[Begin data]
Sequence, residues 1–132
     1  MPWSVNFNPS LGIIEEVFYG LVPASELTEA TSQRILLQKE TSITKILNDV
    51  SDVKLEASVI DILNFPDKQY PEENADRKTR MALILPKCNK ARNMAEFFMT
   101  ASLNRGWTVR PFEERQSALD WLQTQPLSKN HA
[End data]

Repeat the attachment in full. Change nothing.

Sequence, residues 1–132
     1  MPWSVNFNPS LGIIEEVFYG LVPASELTEA TSQRILLQKE TSITKILNDV
    51  SDVKLEASVI DILNFPDKQY PEENADRKTR MALILPKCNK ARNMAEFFMT
   101  ASLNRGWTVR PFEERQSALD WLQTQPLSKN HA